In early 2020, the AMC Networks involved Switzer Group to lead the redesign of its ten floor headquarters at 11 Penn Plaza, New York.
On February 2, 2021, AMC Networks entered into a strategic partnership with Canadian production company Shaftesbury Films. AMC made an investment in the company, thus giving them access to the latter's slate and expanding their content and development capabilities in Canada.
On October 28, 2013, AMC Networks announced it would acquire most of Chellomedia, an international operator of cable networks, from Liberty Global for around $1.04 billion. The acquisition did not include Chello Benelux, owners of Film1 and Sport1. On February 2, 2014, the transaction was completed. What was formerly Chellomedia is now known as AMC Networks International and will allow AMC Networks to distribute its programming worldwide.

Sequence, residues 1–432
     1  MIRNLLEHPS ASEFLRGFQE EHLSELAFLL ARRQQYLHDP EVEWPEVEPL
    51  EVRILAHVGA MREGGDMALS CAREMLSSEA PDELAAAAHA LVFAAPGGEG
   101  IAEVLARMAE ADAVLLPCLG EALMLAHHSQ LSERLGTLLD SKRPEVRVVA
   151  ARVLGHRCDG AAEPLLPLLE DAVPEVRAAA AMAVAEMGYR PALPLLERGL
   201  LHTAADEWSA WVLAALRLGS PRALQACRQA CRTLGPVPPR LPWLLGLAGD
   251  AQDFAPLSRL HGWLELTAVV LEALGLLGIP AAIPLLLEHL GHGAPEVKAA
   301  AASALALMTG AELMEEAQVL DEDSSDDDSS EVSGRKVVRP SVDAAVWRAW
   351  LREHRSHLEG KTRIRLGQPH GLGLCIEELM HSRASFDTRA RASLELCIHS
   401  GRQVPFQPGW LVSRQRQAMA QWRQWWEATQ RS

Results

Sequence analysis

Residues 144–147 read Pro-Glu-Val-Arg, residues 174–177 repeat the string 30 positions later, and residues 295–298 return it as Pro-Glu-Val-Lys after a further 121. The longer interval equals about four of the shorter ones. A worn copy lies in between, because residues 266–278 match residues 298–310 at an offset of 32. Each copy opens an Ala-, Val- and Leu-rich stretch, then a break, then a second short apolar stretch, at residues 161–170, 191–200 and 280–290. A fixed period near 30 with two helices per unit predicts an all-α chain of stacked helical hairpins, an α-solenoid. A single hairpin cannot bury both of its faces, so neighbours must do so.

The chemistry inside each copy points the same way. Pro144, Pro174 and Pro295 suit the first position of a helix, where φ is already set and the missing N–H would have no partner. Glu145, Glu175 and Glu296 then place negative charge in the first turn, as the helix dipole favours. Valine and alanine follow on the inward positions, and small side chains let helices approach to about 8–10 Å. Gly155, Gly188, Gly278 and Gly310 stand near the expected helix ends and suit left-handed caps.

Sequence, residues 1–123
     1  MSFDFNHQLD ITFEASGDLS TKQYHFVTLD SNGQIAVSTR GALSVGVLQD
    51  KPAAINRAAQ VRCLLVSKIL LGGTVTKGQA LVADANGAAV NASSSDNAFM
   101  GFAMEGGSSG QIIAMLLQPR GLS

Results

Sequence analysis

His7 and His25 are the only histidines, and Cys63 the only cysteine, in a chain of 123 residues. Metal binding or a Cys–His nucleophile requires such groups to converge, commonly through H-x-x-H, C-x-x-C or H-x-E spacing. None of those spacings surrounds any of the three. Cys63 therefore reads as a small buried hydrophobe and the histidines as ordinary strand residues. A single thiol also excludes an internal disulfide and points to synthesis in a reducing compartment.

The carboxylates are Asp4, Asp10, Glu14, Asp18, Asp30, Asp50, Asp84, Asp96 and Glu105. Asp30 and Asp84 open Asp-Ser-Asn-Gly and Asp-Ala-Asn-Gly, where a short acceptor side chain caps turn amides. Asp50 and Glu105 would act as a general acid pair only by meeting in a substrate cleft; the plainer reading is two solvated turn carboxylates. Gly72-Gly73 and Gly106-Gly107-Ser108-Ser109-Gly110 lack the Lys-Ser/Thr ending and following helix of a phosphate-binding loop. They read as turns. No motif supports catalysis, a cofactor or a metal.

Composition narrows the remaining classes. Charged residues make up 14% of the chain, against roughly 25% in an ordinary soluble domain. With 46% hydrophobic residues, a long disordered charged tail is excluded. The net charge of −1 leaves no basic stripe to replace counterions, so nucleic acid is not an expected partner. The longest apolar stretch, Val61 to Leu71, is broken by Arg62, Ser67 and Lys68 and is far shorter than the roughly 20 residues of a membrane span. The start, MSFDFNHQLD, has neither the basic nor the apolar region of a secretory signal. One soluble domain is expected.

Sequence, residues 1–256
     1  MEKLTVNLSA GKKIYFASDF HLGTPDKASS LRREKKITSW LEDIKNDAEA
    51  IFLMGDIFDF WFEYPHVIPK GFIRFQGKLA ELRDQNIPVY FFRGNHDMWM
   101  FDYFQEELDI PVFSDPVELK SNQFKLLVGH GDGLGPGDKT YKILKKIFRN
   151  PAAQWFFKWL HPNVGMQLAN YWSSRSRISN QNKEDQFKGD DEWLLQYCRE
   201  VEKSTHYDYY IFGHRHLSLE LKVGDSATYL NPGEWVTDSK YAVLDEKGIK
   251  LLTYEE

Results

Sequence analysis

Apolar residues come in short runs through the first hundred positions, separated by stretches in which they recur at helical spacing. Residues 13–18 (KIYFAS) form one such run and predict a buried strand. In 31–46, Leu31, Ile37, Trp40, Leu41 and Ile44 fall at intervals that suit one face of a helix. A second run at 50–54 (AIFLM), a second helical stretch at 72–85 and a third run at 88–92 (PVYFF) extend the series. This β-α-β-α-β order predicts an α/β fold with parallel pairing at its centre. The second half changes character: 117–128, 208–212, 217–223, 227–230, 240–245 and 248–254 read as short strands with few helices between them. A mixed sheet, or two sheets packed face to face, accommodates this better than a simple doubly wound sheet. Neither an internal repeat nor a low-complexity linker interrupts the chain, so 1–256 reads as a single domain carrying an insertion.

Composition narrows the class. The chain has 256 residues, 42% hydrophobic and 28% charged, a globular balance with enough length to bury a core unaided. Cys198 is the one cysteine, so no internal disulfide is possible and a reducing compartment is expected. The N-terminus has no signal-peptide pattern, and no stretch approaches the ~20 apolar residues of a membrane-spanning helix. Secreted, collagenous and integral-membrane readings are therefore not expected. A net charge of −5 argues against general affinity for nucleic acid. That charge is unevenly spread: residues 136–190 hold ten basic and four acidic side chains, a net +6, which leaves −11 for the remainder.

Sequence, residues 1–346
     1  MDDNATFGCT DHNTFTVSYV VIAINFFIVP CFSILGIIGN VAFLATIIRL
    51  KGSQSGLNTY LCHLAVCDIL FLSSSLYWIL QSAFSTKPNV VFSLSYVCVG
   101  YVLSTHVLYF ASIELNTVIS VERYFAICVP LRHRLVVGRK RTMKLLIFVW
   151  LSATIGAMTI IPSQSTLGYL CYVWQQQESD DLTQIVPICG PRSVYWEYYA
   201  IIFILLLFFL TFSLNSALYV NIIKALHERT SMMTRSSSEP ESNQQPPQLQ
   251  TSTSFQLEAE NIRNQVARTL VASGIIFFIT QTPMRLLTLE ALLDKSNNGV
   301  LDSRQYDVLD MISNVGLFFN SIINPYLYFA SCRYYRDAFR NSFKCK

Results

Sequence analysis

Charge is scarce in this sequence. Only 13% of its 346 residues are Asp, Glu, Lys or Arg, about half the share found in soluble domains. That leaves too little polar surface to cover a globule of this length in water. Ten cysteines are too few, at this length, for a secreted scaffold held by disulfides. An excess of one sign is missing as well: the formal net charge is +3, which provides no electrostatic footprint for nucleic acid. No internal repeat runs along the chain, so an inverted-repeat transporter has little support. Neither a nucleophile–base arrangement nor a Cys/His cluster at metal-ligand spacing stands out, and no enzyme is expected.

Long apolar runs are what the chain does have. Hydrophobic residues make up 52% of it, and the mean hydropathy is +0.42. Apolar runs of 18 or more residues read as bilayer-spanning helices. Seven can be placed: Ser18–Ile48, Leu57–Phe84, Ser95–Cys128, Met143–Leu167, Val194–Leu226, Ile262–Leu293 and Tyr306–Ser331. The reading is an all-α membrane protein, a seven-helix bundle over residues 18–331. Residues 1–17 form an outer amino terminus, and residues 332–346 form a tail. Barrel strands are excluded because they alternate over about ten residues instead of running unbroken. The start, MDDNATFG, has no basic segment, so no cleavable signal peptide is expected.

On October 23, 2014, AMC confirmed it had purchased a 49.9% stake in BBC America, with BBC Studios retaining the remaining share of the network. The joint venture will also give AMC, which itself distributes the BBC World News channel in the United States, operational control in BBC America, which will be managed as a stand-alone from AMC's other channels.